# Prove $4\sin(2\pi/5)+\tan(2\pi/5)=5\cot(\pi/5)$

Use the area of a regular pentagon to prove that $$4\sin(2\pi/5)+\tan(2\pi/5)=5\cot(\pi/5)$$

Attempt: Let the side length be 1. Then by breaking down the pentagon into 5 congruent triangles, it is easy to show that the area is $$A = \frac{5}{4}\cot(\pi/5) = \frac{5}{2} R^2 \sin(2\pi/5) = 5r^2 \tan(\pi/5)$$ where $$R$$ is the circumradius and $$r$$ is the inradius.

Then it suffices to prove that the area can also be written as $$\sin(2\pi/5)+\frac{1}{4}\tan(2\pi/5)$$. I tried to break down the area of a regular pentagon as a trapezoid and triangle, but the algebra got messy: $$A = (1+\cos(2\pi/5))\sin(2\pi/5)+(1/2)(1+2\cos(2\pi/5))(R+r-\sin(2\pi/5))$$. I appreciate any suggestions.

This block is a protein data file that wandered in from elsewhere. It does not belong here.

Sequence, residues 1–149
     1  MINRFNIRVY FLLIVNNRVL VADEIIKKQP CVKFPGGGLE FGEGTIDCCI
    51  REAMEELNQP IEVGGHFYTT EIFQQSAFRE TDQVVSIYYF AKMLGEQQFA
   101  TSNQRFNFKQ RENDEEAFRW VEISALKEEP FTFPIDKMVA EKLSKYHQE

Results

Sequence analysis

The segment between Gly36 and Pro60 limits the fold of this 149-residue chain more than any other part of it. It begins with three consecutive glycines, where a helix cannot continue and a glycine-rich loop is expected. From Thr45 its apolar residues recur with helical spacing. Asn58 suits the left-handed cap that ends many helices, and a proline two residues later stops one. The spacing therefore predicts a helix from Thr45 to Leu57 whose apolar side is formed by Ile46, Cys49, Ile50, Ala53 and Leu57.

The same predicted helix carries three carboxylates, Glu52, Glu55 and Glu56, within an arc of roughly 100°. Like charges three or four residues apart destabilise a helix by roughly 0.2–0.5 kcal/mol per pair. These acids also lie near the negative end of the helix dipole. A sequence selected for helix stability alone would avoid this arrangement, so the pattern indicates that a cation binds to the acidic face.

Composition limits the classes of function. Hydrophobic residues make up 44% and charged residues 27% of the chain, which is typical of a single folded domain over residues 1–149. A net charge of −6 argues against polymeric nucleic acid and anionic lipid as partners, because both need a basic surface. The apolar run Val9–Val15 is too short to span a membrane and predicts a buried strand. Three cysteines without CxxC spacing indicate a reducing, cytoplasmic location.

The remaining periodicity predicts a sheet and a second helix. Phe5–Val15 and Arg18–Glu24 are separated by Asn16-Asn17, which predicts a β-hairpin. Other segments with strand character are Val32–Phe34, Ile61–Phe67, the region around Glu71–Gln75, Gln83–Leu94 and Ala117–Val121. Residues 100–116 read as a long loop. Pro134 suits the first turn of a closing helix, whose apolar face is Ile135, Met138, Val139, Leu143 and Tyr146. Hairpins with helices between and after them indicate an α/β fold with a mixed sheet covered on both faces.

If you cut the pentagon $$ABCDE$$ into three triangles $$ABC$$, $$ACD$$, $$ADE$$ then $$\operatorname{Area}\triangle ABC = \frac12\sin\frac{3\pi}{5}=\frac12\sin\frac{2\pi}{5}$$ and $$\triangle ABC\cong\triangle AED$$, so it remains to show $$\operatorname{Area}\triangle ACD=\dfrac14\tan\dfrac{2\pi}{5}$$, or equivalently, the perpendicular distance of $$A$$ from $$CD$$ is $$\dfrac12\tan\dfrac{2\pi}{5}$$ which is immediate by looking at the base angles $$\angle ACD=\angle ADC=\dfrac{2\pi}{5}$$.